Posts tagged ‘neuroscience’

The Neuroscience Of “Harry Potter” or, What Happens to Your Brain When You’re Lost in a Book

Harry_Potter_Books

Let’s do a casual experiment. Here’s a brief passage from the first book in some obscure fiction series called Harry Potter:

A bush on the edge of the clearing quivered. … Then, out of the shadows, a hooded figure came crawling across the ground like some stalking beast. Harry, Malfoy, and Fang stood transfixed. The cloaked figure reached the unicorn, lowered its head over the wound in the animal’s side, and began to drink its blood.

And here’s another passage from the final book of the series:

He got up off the floor, stretched and moved across to his desk. Hedwig made no movement as he began to flick through the newspapers, throwing them on to the rubbish pile one by one; the owl was asleep, or else faking; she was angry with Harry about the limited amount of time she was allowed out of her cage at the moment.

Which passage did you find more engaging? Chances are it was the first. While the second passage might advance the plot, the first passage has drama, tension, and irresistible vampire-like behavior stuffed into a matter of four lines. It’s the type of action that helps readers get lost in a book. And it’s precisely this ability to immerse readers that helps sell hundreds of millions of copies.

Continue reading…

1 Comment

Corridors of the Mind

ARCHITECTS HAVE BEEN talking for years about “biophilic” design, “evidence based” design, design informed by the work of psychologists. But last May, at the profession’s annual convention, John Zeisel and fellow panelists were trying to explain neuroscience to a packed ballroom.

The late-afternoon session pushed well past the end of the day; questions just kept coming. It was a scene, Zeisel marveled—all this interest in neuroscience—that would not have taken place just a few years earlier.

Zeisel is a sociologist and architect who has researched the design of facilities for Alzheimer’s patients. Architects, he explains, “understand about aesthetics; they know about psychology. The next depth to which they can go is understanding the brain and how it works and why do people feel more comfortable in one space than another?” Continue reading…

Leave a comment

Why Movies Like Oscar-Winning ‘Undefeated’ Make Grown Men (and Women) Cry

The newly minted Oscar winner for best documentary, Undefeated, has left many critics gushing—with praise, but also tears. The true-life sports tale follows a struggling high school football team in a poor area of Memphis, Tennessee, whose fortunes begin to turn under the guidance of a devoted and determined coach. The emotional story has reduced folks at ForbesEsquire, and other media outlets to sniffles and sobs. It made us wonder: What actually causes people to cry at movies? Continue reading…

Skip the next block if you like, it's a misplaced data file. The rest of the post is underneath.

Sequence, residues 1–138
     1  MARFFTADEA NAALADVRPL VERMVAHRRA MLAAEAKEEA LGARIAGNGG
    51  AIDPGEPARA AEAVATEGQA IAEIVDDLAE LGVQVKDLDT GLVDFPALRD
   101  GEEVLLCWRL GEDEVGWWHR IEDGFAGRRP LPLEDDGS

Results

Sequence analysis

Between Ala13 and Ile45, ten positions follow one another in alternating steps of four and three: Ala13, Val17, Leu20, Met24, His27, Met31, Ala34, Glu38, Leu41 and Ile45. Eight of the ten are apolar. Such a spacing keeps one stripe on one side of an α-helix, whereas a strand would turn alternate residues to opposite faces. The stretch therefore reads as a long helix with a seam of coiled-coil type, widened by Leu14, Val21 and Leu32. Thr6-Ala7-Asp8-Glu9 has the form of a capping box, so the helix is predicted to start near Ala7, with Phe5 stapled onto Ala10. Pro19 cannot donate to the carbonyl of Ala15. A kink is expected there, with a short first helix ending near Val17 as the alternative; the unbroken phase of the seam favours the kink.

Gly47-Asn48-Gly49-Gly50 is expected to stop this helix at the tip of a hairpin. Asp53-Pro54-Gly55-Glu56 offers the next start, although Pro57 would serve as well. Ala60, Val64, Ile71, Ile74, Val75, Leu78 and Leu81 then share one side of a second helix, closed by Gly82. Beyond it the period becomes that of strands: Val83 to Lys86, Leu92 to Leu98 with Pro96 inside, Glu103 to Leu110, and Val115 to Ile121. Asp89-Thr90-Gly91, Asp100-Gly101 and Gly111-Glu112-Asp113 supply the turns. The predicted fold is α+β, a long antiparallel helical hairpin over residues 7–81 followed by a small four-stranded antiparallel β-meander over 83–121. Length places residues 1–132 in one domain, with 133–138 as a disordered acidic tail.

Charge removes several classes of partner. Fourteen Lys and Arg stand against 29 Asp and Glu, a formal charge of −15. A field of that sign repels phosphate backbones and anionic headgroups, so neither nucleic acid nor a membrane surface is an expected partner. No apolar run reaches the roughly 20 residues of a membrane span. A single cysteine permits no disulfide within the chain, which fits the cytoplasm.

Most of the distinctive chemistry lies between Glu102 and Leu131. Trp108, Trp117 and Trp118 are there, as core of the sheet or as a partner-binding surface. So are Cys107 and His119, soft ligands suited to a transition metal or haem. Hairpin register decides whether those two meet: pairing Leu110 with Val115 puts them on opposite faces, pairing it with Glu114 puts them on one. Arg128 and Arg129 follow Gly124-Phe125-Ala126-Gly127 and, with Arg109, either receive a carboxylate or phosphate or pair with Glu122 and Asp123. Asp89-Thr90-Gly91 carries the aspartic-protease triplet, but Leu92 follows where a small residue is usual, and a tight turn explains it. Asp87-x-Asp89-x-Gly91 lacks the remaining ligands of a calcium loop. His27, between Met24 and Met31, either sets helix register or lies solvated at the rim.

Leave a comment

How meditation can reshape our brains (and revisiting neuroplasticity)

I learned some of this at MARC (at UCLA) and found it fascinating.

Neuroplasticity is visited in this video. I often post about neuroplasticity and how that concept allows us to understand that we can heal and change our health and wellbeing by changing our brains.

Neuroscientist Sara Lazar’s amazing brain scans show meditation can actually change the size of key regions of our brain, improving our memory and making us more empathetic, compassionate, and resilient under stress.

Found on beyondmeds.com

3 Comments

Brain Scans Predict Subjective Beauty

When we find something aesthetically pleasing, the sensory areas of the brain light up, and the more beautiful we find, say, a piece of art,  the greater the brain activity in certain regions, a new study shows.

By further investigating the connection between humans’ subjective preferences and brain activity, scientists will someday be able to pinpoint various characteristics that make a painting, musical number or other sensory experience beautiful, researchers said.

“For the first time, we can ask questions about subjective preferences and relate them to activity in the brain,” lead researcher Semir Zeki, a neurobiologist at the University College London in the United Kingdom, told LiveScience. “There are some people who would prefer [beauty] to remain a mystery, but that’s not how scientists view things.”

In a previous study, Zeki found that an area in the pleasure and reward center of the brain is more active when people view a painting or hear a piece of music that they think is beautiful, compared with art they didn’t find particularly pleasing. Because the brain activity of study participants rose accordingly with their ratings of beauty, the results suggest that scientists can look at the brain to objectively measure an experience that seems wholly subjective.